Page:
Wellington’s biggest fight in the past decade could be over.
This week, developers of Equestrian Village agreed to approvals Wellington’s Village Council granted in late October to finish the $80 million horse complex.
Barring “unforeseen circumstances,” as the developers put it, that should end legal battles between them and the village.
But it’s possible for the council on Tuesday to reconsider its Oct. 22 vote.
Councilman Matt Willhite has asked for just that, Wellington’s attorney Laurie Cohen said Wednesday.
The October vote, however, can’t be reconsidered unless a second council member supports Willhite’s request for reconsideration. And, even if that happens, the council would have to collectively approve any changes the reconsideration might yield.
Willhite could not be reached Wednesday.
“It will be an uphill battle for anyone to attempt to change the project at this point in time given the lengthy litigation history and massive effort that has gone into getting where we got to,” Dan Rosenbaum, an attorney who represents the developers, said Wednesday.
It took 18 months for the council and developers to find common ground.
“We consider it a huge victory,” Mark Bellissimo, who heads the development team, said earlier this week.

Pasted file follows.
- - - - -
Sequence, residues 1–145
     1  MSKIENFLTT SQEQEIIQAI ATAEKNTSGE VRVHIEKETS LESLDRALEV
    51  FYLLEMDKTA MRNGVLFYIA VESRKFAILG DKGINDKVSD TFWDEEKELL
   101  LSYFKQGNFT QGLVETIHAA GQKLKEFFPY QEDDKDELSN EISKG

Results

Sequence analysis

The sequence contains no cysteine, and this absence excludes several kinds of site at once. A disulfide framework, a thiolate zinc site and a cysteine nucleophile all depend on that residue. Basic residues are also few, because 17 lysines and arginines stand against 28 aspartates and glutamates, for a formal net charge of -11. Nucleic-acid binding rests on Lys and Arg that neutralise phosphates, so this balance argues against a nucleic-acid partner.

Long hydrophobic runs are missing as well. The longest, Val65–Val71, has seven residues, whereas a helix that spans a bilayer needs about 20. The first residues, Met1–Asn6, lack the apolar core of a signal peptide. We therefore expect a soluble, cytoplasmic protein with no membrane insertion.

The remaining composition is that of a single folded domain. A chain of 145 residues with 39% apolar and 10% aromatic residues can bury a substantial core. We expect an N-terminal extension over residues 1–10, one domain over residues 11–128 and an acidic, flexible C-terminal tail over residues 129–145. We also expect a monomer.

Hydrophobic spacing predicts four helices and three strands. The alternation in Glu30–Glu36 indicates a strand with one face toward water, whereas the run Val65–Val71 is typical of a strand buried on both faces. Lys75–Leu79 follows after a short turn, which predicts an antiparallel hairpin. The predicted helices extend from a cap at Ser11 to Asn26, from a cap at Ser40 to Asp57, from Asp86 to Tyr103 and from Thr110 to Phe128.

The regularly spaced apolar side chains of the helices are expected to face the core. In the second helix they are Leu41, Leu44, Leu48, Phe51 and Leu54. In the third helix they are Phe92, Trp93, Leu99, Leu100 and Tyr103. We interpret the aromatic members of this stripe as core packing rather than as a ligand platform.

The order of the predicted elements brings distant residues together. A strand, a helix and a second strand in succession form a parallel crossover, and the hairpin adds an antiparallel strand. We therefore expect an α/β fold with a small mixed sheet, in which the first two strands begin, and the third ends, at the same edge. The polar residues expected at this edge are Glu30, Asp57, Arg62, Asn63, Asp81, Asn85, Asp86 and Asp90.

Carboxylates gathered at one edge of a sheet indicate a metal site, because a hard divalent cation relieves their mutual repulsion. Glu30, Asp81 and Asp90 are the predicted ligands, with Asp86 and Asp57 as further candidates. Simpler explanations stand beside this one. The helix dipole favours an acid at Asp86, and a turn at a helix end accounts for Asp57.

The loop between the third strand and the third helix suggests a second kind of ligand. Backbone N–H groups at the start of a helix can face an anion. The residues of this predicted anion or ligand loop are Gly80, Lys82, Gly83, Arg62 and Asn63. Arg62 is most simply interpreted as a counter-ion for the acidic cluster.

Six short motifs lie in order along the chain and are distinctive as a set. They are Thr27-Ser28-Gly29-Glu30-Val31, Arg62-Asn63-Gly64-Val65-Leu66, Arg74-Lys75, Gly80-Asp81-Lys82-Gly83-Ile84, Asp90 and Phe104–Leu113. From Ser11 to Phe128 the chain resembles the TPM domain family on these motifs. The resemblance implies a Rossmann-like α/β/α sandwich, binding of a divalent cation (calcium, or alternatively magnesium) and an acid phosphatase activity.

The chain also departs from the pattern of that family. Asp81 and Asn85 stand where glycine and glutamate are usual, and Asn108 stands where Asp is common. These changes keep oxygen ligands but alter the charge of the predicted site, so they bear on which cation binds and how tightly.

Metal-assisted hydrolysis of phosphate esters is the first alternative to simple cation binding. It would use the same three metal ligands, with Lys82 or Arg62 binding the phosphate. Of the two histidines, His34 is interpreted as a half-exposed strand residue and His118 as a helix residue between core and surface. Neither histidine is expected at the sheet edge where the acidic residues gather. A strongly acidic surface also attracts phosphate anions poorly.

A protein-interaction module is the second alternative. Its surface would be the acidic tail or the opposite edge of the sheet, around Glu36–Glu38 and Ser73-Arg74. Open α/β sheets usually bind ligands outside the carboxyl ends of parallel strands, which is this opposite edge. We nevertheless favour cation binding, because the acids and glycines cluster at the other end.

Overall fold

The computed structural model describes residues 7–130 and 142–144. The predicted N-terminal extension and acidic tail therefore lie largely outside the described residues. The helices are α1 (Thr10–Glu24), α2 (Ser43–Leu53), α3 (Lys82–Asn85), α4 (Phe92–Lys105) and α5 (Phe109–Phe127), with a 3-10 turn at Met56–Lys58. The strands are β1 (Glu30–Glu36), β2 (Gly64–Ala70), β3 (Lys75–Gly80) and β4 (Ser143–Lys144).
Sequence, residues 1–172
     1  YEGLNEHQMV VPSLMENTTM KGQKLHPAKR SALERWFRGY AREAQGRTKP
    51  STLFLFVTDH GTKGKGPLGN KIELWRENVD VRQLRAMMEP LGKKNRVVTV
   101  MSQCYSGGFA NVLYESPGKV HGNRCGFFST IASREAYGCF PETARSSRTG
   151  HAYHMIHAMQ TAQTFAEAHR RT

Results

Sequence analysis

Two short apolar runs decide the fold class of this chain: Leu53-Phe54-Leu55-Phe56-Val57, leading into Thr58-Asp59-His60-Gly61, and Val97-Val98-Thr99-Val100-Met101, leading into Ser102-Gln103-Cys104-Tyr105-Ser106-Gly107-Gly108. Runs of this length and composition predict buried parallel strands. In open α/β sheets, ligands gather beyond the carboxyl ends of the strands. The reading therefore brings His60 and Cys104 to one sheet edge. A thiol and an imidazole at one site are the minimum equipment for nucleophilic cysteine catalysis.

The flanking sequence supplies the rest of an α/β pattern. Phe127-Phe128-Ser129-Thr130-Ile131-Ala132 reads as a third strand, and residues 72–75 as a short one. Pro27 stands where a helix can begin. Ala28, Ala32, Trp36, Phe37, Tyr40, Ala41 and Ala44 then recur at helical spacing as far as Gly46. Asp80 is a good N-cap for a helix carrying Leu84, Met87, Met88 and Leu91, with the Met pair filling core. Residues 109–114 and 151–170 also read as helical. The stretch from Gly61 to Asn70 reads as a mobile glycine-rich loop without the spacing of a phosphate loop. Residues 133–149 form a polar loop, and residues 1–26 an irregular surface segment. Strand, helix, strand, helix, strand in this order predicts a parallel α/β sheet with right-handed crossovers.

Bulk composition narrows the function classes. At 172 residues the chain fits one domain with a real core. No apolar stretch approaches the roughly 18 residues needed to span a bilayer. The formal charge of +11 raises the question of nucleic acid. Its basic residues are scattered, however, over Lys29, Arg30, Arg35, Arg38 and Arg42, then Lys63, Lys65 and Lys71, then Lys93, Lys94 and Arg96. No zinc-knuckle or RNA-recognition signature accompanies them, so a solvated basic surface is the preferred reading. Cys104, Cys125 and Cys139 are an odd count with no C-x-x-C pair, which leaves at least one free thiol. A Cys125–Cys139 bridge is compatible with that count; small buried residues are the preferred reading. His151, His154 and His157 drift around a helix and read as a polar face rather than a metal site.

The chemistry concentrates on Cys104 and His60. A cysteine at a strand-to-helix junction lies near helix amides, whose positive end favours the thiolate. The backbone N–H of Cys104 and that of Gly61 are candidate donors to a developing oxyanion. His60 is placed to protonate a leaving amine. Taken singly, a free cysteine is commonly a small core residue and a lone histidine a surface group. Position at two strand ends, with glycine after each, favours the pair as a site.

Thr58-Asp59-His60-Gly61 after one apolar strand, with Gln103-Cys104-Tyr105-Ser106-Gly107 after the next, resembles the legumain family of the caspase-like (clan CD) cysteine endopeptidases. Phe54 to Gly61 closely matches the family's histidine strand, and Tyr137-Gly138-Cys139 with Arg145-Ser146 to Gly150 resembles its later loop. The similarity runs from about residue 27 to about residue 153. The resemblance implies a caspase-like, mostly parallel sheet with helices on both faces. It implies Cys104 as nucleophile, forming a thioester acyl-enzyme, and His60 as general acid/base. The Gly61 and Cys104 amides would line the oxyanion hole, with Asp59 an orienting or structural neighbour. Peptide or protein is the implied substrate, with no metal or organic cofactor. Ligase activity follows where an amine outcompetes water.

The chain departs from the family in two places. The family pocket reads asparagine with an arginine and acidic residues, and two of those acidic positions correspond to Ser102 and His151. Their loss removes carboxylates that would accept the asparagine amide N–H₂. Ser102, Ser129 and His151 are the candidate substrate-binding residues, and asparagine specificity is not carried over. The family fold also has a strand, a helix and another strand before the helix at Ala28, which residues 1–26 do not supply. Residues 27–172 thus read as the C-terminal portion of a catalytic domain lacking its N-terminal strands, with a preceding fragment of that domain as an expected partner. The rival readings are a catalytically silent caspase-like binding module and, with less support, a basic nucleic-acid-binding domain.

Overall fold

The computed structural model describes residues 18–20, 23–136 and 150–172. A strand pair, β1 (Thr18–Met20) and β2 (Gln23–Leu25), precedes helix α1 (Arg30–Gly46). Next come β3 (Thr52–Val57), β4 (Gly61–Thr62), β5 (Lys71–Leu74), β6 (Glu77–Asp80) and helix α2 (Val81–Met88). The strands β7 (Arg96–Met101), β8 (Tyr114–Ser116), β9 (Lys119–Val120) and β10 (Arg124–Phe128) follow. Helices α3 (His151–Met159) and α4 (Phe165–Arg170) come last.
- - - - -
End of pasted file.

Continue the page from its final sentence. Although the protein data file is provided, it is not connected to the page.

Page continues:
During the October vote, Bellissimo didn’t get everything his team had worked out with village staff for the 59 acres at the northeast corner of South Shore Boulevard and Pierson Road.
The biggest change was the council’s decision to remove a left turn lane planned for Equestrian Village’s Pierson Road entrance. Even without it, though, turns will be allowed in and out of the site.
Instead of adding the lane now — construction Bellissimo’s team would have paid for — village staff will study traffic patterns for the next year to decide if the lane is necessary.
“It’s not being excluded; it’s just not something that’s being included in this round,” Bellissimo said.
Bellissimo had the right to ask for the October vote to be reconsidered. The council offered the opportunity because its vote changed staff’s original resolution so much, it was difficult for Bellissimo’s team — and much of the public and council — to immediately decipher the adjustments.
After listening to a recording of the meeting Rosenbaum made slight modifications to the language of two conditions and forwarded them to the village this week.
Wellington’s attorney said she didn’t anticipate problems with Rosenbaum’s clarifications, but on Wednesday said she will wait until Tuesday’s council meeting before she does anything.
“I don’t know where this is going to go,” Cohen said.
The council’s October vote approved an additional entry and exit for Equestrian Village at Pierson Road, mainly for spectators and exhibitors. It also allowed for the complex to operate as a permanent commercial equestrian arena year-round.
The Jacobs family, who own a several-hundred-acre farm nearby on Pierson Road, have been the strongest critics of the project since its outset more than two years ago. They filed several lawsuits, which are ongoing.
Last month, through its attorney, the family argued that moving the Pierson Road entrance farther east in order to widen the road to allow for a left-turn lane was a bad idea.
After all, South Shore has more capacity than Pierson, and Bellissimo’s team had predicted an overwhelming majority of traffic would use South Shore and not Pierson, they argued.